14. The process of claim 1 wherein said feedstock comprises paraffinic compounds, and said conversion conditions include a temperature of from about 200° C. to about 315° C., a pressure of from about 100 psig to about 1,000 psig, a weight hourly space velocity of from about 0.5 hr-1 to about 10 hr-1, and a hydrogen/ hydrocarbon mole ratio of from about 0.5 to about 10.
15. The process of claim 1 wherein said feedstock comprises isoalkanes and olefins, and said conversion conditions include a temperature of from about -25° C. to about 400° C., a pressure of from below atmospheric to about 5000 psig, a weight hourly space velocity of from about 0.01 hr-1 to about 100 hr-1, and a mole ratio of total isoalkanes/total olefins of from about 1/2 to about 100/1.
16. The process of claim 15 wherein said isoalkanes comprise isobutane and said olefins comprise 2-butene.
Description
CROSS-REFERENCE TO RELATED APPLICATIONS

This is a continuation-in-part of application Ser. No. 08/205,437, filed Mar. 3, 1994, now U.S. Pat. No. 5,437,855, which is a continuation-in-part of application Ser. No. 08/137,705, filed Oct. 18, 1993.

BACKGROUND OF THE INVENTION

1. Field of the Invention

This invention relates to use of MCM-58, a composition of synthetic porous crystalline material, as a catalyst component for conversion of organic compounds.

2. Description of the Prior Art

Porous inorganic solids have found utility as catalysts for industrial application. The openness of their microstructure allows molecules access to the relatively large surface areas of these materials that enhance their catalytic activity. The porous materials in use today can be sorted into three broad categories using the details of their microstructure as a basis for classification. These categories are the amorphous and paracrystalline supports, the crystalline molecular sieves and modified layered materials. The detailed differences in the microstructures of these materials manifest themselves as important differences in the catalytic behavior of the materials, as well as in differences in various observable properties used to characterize them, such as their surface area, the sizes of pores and the variability in those sizes, the presence or absence of X-ray diffraction patterns and the details in such patterns, and the appearance of the materials when their microstructure is studied by transmission electron microscopy and electron diffraction methods.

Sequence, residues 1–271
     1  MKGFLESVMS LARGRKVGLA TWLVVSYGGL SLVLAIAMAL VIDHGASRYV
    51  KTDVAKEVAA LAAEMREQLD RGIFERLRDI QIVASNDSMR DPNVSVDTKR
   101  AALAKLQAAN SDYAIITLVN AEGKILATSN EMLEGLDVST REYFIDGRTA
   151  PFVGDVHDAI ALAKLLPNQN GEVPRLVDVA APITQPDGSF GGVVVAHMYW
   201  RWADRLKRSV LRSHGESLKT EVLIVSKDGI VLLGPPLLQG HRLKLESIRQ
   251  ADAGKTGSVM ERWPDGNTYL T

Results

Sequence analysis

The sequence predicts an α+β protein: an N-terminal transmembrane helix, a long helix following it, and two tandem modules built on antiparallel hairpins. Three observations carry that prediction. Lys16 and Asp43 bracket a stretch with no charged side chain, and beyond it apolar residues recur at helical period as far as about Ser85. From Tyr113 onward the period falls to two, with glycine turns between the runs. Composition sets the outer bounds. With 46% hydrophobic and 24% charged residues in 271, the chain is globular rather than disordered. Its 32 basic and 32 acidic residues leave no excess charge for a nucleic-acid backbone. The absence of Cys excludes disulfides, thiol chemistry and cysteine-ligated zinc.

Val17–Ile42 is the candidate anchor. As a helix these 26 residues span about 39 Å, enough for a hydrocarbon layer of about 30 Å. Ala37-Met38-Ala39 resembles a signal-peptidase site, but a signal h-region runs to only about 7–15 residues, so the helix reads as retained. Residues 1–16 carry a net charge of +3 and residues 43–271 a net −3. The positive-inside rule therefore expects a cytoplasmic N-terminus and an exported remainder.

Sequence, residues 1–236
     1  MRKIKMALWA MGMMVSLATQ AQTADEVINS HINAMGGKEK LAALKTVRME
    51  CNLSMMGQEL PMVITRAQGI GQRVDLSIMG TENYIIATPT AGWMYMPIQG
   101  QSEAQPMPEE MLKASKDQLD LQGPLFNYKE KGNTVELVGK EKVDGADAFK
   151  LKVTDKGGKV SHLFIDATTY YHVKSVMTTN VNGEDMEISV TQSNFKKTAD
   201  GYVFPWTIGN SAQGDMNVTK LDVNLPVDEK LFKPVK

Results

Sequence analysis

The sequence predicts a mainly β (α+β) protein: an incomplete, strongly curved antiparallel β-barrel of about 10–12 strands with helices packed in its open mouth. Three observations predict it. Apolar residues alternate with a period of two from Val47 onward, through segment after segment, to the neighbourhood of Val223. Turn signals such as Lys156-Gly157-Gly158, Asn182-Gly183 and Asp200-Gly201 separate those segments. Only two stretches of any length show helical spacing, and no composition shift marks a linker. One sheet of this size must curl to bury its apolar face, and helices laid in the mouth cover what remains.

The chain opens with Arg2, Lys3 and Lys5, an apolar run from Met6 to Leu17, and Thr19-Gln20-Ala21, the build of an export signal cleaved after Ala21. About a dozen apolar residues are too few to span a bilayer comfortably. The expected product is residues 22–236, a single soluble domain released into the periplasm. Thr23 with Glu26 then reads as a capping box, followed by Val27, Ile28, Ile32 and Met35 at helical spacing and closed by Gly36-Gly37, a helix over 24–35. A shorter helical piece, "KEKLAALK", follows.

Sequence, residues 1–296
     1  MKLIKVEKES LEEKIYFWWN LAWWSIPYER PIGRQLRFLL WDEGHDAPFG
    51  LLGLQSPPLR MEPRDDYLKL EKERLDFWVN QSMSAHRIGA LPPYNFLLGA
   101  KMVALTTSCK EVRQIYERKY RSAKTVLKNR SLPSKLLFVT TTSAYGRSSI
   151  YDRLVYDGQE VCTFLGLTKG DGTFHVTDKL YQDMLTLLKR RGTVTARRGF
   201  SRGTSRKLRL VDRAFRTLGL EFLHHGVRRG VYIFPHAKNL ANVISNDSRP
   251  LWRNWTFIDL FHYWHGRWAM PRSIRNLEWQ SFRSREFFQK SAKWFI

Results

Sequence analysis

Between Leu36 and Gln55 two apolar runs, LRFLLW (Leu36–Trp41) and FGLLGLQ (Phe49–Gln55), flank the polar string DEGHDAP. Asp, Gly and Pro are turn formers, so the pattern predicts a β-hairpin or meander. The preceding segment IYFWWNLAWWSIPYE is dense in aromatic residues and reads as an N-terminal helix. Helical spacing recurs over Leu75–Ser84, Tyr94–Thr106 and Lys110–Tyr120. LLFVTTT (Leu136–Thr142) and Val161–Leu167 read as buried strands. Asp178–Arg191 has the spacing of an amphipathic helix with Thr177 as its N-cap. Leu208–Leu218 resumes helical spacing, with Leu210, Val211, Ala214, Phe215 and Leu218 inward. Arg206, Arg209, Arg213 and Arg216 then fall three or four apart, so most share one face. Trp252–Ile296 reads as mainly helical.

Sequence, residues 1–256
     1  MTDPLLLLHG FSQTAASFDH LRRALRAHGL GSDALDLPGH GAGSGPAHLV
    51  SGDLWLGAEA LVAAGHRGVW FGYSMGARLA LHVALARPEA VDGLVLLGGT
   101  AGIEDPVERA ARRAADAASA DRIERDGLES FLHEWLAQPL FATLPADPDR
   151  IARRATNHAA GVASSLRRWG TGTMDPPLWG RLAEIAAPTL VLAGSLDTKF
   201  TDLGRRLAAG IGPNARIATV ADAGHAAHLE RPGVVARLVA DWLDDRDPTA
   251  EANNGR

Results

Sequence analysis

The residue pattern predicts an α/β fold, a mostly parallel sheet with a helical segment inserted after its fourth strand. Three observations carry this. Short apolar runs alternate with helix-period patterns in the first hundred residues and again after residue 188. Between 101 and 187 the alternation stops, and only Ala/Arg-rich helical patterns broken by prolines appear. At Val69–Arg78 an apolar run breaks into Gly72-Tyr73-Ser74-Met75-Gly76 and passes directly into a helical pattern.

Amorphous and paracrystalline materials represent an important class of porous inorganic solids that have been used for many years in industrial applications. Typical examples of these materials are the amorphous silicas commonly used in catalyst formulations and the paracrystalline transitional aluminas used as solid acid catalysts and petroleum reforming catalyst supports. The term "amorphous" is used here to indicate a material with no long range order and can be somewhat misleading, since almost all materials are ordered to some degree, at least on the local scale. An alternate term that has been used to describe these materials is "X-ray indifferent". The microstructure of the silicas consists of 100-250 Angstrom particles of dense amorphous silica (Kirk-Othmer Encyclopedia of Chemical Technology, 3rd. ed., vol. 20, 766-781 (1982)), with the porosity resulting from voids between the particles. Since there is no long range order in these materials, the pores tend to be distributed over a rather large range. This lack of order also manifests itself in the X-ray diffraction pattern, which is usually featureless.